In "Controlling Windows Firewall with PowerShell," I lamented the fact that too many folks shut off Windows Firewall because they don’t understand it, which is really not such a good idea these days. Not understanding Windows Firewall is no surprise, however, because although it really is a quality software firewall, it needs added complexity to reach that level of quality—which is why I need more than one article to cover it.
In that first article, I demonstrated that Windows Firewall can store three sets of firewall rules, or profiles, named Domain, Private, and Public. You can assign any of the three profiles to any NIC on your system. I also showed how to use the get-NetConnectionProfile cmdlet to see which of the three profiles is associated with each NIC, and how to use set-NetConnectionProfile to change the profile on any NIC, as long as that NIC’s profile is either Private or Public. (Windows automatically controls which NICs get the Domain profile.) Finally, I showed you get-NetworkProfile and set-NetworkProfile, which let you turn any given profile on or off, an all-or-nothing blocking or allowing of traffic into or out of your computer—unless there’s an exception. This month, I'll show you how to create those exceptions.
Punching a Hole for Remote Desktop
As an example, let’s take a configuration job we’ve already come up against: opening the ports for Remote Desktop. Depending on the situation and version, Remote Desktop might need either UDP or TCP incoming ports number 3389. In a previous article, I related the Netsh command to open the Remote Desktop ports, but as Netsh is both limited and deprecated, we’ll want to know the PowerShell way.
To open a port (or ports) in PowerShell, you first look for a currently existing “firewall rule” relevant to your need, then enable it with a cmdlet not surprisingly called enable-NetFirewallRule. But where do you look to determine whether there’s a rule that suits you? If browsing a GUI list is your style, open the Microsoft Management Console (MMC) and add the Windows Firewall with Advanced Security snap-in. In the upper part of the MMC’s leftmost pane, you’ll see folders labeled Inbound Rules and Outbound Rules. The names you’ll see, like Remote Desktop – User Mode (UDP-In), is the DisplayName of the rule. The rule also has a sort of internal name just called its Name (which can be either a spaceless string or a GUID), and you’ll want that sometimes. You can extract more information about the rule with get-NetFirewallRule, as in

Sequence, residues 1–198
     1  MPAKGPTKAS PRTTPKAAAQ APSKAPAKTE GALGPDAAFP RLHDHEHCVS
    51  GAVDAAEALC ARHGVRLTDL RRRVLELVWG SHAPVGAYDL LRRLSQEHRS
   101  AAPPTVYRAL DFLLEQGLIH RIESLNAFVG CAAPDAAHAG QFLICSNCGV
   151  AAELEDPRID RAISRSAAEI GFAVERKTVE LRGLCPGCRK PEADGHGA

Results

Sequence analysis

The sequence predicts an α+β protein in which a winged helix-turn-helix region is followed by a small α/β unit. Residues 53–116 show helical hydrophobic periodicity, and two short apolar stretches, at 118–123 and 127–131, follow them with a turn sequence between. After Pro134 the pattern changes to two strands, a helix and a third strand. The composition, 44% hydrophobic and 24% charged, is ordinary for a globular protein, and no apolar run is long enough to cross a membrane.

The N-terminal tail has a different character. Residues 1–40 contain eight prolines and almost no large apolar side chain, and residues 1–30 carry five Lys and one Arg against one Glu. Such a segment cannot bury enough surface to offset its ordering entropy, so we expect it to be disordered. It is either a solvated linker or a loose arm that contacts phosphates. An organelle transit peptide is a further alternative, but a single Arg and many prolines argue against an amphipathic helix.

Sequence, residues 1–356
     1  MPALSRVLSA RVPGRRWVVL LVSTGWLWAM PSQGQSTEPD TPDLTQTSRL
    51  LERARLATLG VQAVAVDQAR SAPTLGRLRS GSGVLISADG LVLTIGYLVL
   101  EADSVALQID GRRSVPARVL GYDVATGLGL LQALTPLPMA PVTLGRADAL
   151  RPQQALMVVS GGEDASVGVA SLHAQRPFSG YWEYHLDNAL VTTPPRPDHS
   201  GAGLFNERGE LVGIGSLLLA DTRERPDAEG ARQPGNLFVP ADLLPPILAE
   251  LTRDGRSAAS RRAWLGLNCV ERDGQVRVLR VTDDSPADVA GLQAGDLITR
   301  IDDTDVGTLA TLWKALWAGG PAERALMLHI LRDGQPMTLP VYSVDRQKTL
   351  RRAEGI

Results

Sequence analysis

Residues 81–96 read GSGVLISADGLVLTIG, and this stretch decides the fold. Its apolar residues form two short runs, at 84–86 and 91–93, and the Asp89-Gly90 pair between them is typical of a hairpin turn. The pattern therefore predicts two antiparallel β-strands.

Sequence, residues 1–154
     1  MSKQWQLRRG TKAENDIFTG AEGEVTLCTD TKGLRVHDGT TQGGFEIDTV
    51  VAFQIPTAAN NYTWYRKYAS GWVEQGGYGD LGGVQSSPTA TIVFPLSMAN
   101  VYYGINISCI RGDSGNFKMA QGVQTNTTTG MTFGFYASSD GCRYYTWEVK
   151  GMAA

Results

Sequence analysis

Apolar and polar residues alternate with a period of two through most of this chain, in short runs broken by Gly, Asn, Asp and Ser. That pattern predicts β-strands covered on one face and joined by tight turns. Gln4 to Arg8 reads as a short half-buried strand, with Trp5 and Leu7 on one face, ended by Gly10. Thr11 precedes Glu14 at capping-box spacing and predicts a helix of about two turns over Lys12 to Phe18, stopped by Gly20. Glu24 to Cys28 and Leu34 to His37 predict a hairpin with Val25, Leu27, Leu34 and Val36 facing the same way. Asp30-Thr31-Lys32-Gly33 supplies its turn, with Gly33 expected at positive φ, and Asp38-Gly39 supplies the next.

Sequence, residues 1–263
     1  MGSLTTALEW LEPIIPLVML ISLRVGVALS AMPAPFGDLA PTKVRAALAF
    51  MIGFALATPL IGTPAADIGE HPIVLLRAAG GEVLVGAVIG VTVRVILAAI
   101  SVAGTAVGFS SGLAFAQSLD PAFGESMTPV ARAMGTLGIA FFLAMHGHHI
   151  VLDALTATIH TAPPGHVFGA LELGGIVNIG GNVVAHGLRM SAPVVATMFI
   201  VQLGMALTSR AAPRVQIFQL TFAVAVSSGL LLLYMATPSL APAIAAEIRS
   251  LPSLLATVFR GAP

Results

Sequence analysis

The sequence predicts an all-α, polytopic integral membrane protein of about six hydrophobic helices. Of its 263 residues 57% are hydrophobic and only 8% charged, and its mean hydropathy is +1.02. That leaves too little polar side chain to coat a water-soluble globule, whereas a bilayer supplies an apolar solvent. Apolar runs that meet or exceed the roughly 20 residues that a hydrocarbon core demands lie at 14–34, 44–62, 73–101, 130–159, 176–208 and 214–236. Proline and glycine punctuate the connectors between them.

get-netfirewallrule -DisplayName "Remote Desktop - User Mode (TCP-In)"
That will return the Name, a description, whether the rule is enabled, which profiles include it, whether it’s an incoming or outgoing rule, something called its DisplayGroup (which I’ll cover in a moment), and other info. You can then enable the rule either by referring to its DisplayName with the -DisplayName parameter or by using the Name with no parameter. For Remote Desktop, either of these commands enable incoming RDP traffic over TCP:
enable-NetFirewallRule RemoteDesktop-UserMode-In-TCP enable-NetFirewallRule -DisplayName "Remote Desktop - User Mode (TCP-In)"
Note, by the way, that if your system gets a Group Policy that controls some particular Windows Firewall rule, all of the enable-NetFireWallRule-ing you do won’t get you anywhere. In this case, GPOs rule.
Some Rules Come in Groups
What’s that reference to a DisplayGroup? Well, in many cases, configuring a firewall to accommodate a Windows role or an application requires opening more than one port. For example, Windows Server 2012 R2 contains a firewall group called Active Directory Domain Services, and if you type
get-NetFirewallRule -DisplayGroup "Active Directory Domain Services"
you’ll see 17 firewall exceptions, from enabling pings to LDAP traffic to Network Time Services. The beauty of this is that if you want to get your firewall ready to get out of Active Directory's (AD’s) way, you needn’t enable 17 services separately. Instead, you can just type
enable-netfirewallrule -DisplayGroup "Active Directory Domain Services"
(I should note, however, that you'll probably never execute that particular command, as enabling the AD DS role on a server causes Server Manager to automatically enable that group.)
Now, you would think that whoever wrote the firewall PowerShell cmdlets would have created a noun like NetFirewallRuleGroup, as it might be nice to be able to type get-netfirewallrulegroup and see them all—but that won’t work. Instead, to see all the names of the rule groups, you’ll have to pull them out. With this one-liner, we’ll dump out every firewall rule, then extract the name of the group to which it belongs (if any). Then, you’ll pass just the group’s Name and DisplayName to Sort, which will remove the duplicates with the –unique parameter, like so:
get-netfirewallrule | select group,DisplayGroup | sort group -unique | format-table -auto
I got 46 groups on my DC. What did you get on yours? See you next month.